Whiskey on the rocks. For some drinkers, that’s their preference. For purists, whiskey should be had straight-up. But we imagine both groups could come together and share a drink cooled by a large, impressive-looking ice ball.
Indeed, well-to-do Japanese (preferring communalism over conflict) have been drinking whiskey with large ice balls for nearly as long as they’ve been drinking whiskey. Initially the ice balls were carved using an ice pick or, more dangerously, an ultra-sharp sushi knife. In recent years, though, the Japanese have been using a special ice ball molding machine. And now, thanks to the cool Japan Trends Shop, you can make ice balls by machine too.
Look up “fan” in the dictionary and here what you’ll see:
1. an apparatus with rotating blades that creates a current of air for cooling or ventilation.
So what do you call an object designed to create a current of air for cooling or ventilation that doesn’t use rotating blades?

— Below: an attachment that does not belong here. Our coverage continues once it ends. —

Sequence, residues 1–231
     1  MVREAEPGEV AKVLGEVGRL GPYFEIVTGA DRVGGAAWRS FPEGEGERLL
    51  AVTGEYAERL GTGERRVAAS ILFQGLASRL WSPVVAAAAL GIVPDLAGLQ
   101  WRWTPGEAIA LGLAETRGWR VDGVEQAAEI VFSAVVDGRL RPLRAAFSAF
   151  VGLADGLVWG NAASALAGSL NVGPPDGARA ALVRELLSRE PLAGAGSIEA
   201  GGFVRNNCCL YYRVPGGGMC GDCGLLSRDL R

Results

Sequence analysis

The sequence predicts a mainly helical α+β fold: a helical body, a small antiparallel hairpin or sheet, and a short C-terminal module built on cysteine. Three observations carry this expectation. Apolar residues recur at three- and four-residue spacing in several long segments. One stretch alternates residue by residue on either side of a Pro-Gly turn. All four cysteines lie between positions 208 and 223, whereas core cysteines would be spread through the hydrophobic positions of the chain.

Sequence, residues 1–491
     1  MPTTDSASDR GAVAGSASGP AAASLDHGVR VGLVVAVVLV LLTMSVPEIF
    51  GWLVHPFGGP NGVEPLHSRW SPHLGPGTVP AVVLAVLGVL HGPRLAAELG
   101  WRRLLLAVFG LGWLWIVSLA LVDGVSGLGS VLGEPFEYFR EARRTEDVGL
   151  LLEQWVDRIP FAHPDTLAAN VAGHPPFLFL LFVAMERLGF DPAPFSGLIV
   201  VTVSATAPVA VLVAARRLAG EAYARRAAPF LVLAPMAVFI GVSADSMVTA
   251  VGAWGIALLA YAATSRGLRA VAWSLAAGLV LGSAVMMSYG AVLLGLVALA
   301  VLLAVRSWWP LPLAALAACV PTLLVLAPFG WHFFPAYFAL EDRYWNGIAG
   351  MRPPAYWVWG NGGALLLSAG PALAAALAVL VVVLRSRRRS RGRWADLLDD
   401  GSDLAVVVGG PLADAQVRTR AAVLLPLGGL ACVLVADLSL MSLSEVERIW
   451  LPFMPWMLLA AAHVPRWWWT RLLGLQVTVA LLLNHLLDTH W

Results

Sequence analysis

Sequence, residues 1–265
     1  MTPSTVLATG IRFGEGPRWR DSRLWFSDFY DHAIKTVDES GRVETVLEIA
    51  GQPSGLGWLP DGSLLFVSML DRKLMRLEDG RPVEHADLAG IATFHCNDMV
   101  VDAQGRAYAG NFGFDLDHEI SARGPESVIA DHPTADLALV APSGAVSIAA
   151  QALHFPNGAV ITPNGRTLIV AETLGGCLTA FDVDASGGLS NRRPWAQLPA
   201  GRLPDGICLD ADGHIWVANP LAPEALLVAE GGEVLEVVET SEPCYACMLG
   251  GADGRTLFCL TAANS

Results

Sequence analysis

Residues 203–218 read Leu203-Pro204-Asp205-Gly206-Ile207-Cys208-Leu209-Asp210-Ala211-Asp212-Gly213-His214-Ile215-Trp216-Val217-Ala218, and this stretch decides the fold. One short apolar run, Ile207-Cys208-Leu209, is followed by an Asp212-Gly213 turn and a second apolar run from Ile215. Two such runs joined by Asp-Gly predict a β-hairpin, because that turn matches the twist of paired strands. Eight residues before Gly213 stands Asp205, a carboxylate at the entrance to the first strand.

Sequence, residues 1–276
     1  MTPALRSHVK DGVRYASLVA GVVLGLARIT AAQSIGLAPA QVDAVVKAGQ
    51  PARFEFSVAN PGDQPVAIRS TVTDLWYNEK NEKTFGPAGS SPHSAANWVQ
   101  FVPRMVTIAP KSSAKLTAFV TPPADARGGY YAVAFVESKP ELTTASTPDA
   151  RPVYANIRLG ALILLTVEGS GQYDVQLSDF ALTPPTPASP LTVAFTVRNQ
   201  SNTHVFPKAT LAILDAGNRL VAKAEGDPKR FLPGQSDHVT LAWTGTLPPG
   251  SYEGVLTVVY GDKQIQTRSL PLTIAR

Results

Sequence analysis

Dyson, an English manufacturer of innovative products, has dubbed their bladeless fan to be an “air multiplier.”
Nearly all refrigerators are designed for single-family households. Ask someone who has lived in a group house or shared living situation and you’ll get a story of woe about a time that someone was looking forward to enjoying a lunch of leftovers only to go to the fridge and find their meal usurped by a roommate. (Curiously, the speaker is always the victim in these stories, never the perpetrator).
To the rescue comes the Electrolux Flatshare Fridge—the refrigerator designed for shared living situations.
If you haven’t used a Breville Variable Temperature Kettle you could be forgiven for thinking that all electric kettles were the same. If you have used a Breville then you already know the three qualities that make it the best on the electric kettle on the market:
We remember humidifiers from our childhood as those bulky, loud, ugly things over in the corner. There was perhaps no household appliance more in need of a design makeover. And there is perhaps no designer more up to the task than Naoto Fukasawa, a designer with over 40 awards whose work is widely credited with inspiring the best of Apple’s designs. So now your children can have as their humidifier a piece of elegant artwork on a self or bedside table. The Fukasawa Humidifier runs extremely quietly and has the option of adding aromas to the water vapor. It is sold almost exclusively in Japan, but thanks to the folks at the Japan Trend Shop it is available in Europe and North America too. US$319